Gross described as ‘quiet, subdued, polite’
EAGLE – The man who police allege shot and killed Maria Madrid on Friday shouted expletives at her family before firing rounds into the woman’s chest and head. But Shari Hoffman remembers Charles Gross, 55 – the man arrested Monday and charged with Madrid’s murder – as polite.”He was very quiet and very subdued, and from what I remember, he was very polite,” said Hoffman. She said she met Gross while she was working in the deli of Village Market in Edwards, where Gross used to have lunch. Gross was the primary topic of conversation Wednesday evening in Eagle’s Brush Creek Saloon – a watering hole he had frequented before his arrest Monday. “Chuck was the nicest guy,” said bartender Petra Richards as she scanned the happy-hour crowd for Gross’ drinking buddies. As she weaved through the crowd in the smoky bar decorated with old license plates, an older patron smacked her rear end, but Richards laughed it off and pointed out a few men at a dark wooden table. The camouflage-clad men sat drinking beers and smoking cigarettes in the glow of a fluorescent Corona beer sign. They bore the telltale dark palms of welders – the occupation they shared with Gross. “He was just the nicest guy in the world, happy-go-lucky,” said Justin Morrison, who hung out with Gross a few times a week at the saloon.Morrison described Gross as a “laid-back guy” who liked to fish and hunt and who had owned a welding business for 20 years.
According to police reports, Gross fired on the Madrids’ pickup truck at a campsite north of Dotsero after accusing them of not picking up their trash. Morrison said Gross wasn’t especially environmentally conscious.”He wasn’t a tree-hugger,” he said of Gross, who had no prior criminal record in Colorado or Michigan, where he had divided his time over the last 15 years. “I’ve never even seen him get riled up in a bar,” said fellow drinking buddy Brian Weber. Gross’ sister, Karen McGraner, declined to comment about her brother. ‘Pure rage’The day after the shooting, police found Gross’ abandoned truck and camper about 20 miles from the campsite Gross shared with the Madrids for a few hours Friday, as the Gypsum family enjoyed a picnic. On Monday, when police received a tip from an area resident that a man matching the shooting suspect’s description was walking down Colorado River Road, they investigated and found Gross.”I didn’t mean to kill her,” Gross allegedly told police, according to an arrest affidavit filed with the Eagle County court. Gross also allegedly told police he had his gun in the backpack he was carrying, the affidavit says. “It was pure rage,” he allegedly said, according to the affidavit “I thought about running or hopping a train, but I’m too old to run.”
When Maria Madrid’s husband, Eliseo, and son, Joel, were asked to pick Gross out of a photo lineup, Joel Madrid immediately identified Gross, saying he was “high 70s to low 80s” percent sure it was the man who killed his mother. But contrary to earlier reports, the arrest affidavit said Eliseo Madrid told police he couldn’t be sure if the killer was any of the men in the lineup, adding he didn’t want to incriminate an innocent man. The affidavit says Joel Madrid was closer to the killer than his father when the shooting occurred. ‘She was badly injured’After suffering bullet wounds himself, Eliseo Madrid raced his injured wife to the home of Dotsero-area resident Russel Ammon the closest house he could find. Ammon said he was first afraid for his own family when he saw the Madrids’ car zooming up his driveway, the honking horn cutting through the air. But he soon realized the Madrids were harmless and in great need of help, he said. “He came to the door yelling that his wife had just been shot,” Ammon said. “I could see that she was badly injured, and Joel was holding on to her.” Ammon said he immediately called 911, and then fetched his daughter, Angela, who lives next door. A family doctor at the Eagle Valley Medical Center, Angela Ammon examined Maria Madrid while her father bustled around getting towels and gloves to help her. “A lot of it I don’t recall,” Russel Ammon said. “There wasn’t much we could do. Poor Eliseo and Joel were dealing with an awful tragedy, and we had the frustration that you can’t do anything. Nothing seems like enough.”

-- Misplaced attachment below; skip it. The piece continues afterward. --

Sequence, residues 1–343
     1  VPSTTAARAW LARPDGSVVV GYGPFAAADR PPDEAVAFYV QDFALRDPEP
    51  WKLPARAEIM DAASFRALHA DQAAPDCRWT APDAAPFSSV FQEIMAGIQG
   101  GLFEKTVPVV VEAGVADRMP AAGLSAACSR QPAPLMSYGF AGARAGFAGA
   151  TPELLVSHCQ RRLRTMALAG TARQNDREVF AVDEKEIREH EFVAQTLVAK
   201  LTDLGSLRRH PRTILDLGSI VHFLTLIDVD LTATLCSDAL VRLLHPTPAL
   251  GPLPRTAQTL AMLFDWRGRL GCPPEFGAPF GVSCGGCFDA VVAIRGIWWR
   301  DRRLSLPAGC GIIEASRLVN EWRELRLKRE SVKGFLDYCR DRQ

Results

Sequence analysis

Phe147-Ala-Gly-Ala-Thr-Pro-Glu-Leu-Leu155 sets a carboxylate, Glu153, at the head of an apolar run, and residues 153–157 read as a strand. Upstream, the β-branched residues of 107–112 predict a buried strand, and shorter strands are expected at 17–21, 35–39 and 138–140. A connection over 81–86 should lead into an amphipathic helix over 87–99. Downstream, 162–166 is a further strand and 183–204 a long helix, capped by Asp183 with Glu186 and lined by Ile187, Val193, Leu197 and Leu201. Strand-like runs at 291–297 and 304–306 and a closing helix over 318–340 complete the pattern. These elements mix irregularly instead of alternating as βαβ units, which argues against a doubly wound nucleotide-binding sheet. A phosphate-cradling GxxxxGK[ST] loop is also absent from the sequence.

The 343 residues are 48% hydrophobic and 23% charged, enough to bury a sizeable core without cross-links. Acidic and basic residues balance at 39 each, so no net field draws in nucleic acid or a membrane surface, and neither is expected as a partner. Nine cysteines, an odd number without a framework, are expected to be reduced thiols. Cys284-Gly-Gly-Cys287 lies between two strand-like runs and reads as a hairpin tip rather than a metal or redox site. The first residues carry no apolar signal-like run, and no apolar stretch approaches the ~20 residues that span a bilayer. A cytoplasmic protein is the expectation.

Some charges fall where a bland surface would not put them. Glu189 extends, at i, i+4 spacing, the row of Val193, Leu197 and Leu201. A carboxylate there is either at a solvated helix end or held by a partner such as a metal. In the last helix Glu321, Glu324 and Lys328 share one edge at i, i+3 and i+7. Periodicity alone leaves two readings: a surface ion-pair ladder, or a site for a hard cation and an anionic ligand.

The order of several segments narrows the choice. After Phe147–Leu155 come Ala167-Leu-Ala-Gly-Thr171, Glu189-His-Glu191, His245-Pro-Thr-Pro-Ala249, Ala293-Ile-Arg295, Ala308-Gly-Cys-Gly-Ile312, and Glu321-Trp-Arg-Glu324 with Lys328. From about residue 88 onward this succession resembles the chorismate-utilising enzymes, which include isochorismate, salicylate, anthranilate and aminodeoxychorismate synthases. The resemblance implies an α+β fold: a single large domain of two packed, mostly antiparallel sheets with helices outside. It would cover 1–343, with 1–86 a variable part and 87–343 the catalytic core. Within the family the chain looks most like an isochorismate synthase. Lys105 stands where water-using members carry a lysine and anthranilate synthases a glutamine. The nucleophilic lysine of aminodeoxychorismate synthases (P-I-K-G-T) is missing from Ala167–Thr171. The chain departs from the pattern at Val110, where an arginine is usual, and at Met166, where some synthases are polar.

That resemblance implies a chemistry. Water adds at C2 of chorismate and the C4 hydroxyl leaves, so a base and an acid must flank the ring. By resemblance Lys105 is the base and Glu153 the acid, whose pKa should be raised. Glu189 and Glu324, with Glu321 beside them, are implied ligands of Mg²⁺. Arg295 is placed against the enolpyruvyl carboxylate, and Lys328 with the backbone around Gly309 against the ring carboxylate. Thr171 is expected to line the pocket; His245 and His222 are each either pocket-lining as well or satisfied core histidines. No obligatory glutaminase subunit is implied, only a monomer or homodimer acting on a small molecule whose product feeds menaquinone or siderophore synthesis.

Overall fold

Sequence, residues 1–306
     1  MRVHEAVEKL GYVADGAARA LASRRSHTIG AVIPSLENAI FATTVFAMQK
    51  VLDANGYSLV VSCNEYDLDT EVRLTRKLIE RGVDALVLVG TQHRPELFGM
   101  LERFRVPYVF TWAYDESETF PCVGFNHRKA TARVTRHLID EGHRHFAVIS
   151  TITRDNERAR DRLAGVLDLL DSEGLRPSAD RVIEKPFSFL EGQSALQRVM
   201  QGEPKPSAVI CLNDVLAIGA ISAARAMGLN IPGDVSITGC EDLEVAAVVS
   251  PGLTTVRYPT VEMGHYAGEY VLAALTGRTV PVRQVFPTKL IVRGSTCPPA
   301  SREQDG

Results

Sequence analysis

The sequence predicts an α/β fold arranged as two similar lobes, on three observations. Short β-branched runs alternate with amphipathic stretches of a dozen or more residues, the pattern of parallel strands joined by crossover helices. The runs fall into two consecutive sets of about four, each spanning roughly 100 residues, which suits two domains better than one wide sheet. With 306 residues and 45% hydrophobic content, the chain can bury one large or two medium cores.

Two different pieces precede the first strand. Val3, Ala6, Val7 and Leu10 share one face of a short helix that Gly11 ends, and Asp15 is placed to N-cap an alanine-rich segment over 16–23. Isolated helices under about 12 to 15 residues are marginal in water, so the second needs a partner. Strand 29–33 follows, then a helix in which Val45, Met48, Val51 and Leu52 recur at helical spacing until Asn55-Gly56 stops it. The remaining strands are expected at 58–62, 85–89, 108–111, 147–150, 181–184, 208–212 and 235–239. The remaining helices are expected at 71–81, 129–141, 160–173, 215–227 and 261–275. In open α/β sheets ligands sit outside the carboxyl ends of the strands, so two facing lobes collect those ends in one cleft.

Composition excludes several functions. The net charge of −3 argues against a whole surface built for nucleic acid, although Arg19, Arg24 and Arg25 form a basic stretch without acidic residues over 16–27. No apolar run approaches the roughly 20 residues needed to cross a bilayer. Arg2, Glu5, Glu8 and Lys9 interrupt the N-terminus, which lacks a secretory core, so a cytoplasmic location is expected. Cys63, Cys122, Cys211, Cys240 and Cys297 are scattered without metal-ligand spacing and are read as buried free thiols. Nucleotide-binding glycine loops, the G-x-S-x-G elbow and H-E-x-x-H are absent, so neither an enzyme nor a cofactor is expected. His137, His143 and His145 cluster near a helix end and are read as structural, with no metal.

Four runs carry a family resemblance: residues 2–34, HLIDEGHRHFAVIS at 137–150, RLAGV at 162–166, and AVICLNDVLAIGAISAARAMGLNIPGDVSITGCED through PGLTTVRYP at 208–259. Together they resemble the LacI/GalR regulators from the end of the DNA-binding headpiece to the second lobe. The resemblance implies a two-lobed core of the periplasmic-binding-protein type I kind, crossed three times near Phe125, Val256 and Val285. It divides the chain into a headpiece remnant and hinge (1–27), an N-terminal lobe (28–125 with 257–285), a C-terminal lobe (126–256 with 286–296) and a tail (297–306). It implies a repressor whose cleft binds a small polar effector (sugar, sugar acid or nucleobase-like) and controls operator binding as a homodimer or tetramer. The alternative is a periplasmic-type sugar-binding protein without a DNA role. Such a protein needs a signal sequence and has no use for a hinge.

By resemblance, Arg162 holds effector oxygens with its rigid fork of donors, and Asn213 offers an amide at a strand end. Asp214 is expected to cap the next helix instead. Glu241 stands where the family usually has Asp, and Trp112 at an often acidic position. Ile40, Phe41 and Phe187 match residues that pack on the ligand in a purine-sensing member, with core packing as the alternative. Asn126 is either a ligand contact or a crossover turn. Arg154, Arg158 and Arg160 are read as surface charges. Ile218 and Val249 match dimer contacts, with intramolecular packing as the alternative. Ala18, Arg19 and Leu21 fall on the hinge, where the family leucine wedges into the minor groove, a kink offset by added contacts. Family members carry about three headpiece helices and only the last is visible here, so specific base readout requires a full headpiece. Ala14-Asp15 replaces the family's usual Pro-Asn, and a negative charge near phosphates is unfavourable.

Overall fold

Russel Ammon said the minutes crawled by as he waited for police to arrive at his home about a mile north of Dotsero. “It was a moonless night, and very dark out here,” he said. “We’re a ways out, and it seemed like an eternity before they arrived. Everything seems to go slow once you’re waiting on help.”Just minutes after police arrived, Maria Madrid faded away, dying in her son’s arms. “Eliseo was very upset,” Russel Ammon said. “He just could not understand why someone would do that. He just kept on asking me, ‘Why?’ But there’s no reason. It’s just hard to understand such a senseless tragedy.” Staff Writer Nicole Frey can be reached at 949-0555, ext. 454, or email@example.com. Contributing to the Madrid familyDonations for the Madrid family are being accepted at any First Bank location or can be mailed to First Bank of Eagle, P.O. Box 4390, Eagle, CO. 81631-4390. Alpine Bank has set up the Maria Madrid Memorial Fund and donations can be made at any Alpine Bank. Vail Valley Charitable Fund, which is aiding the Madrid family with funeral costs in conjunction with the Beaver Creek Resort Co., can be reached at 328-1884 or www. vvcf.net. Vail, Colorado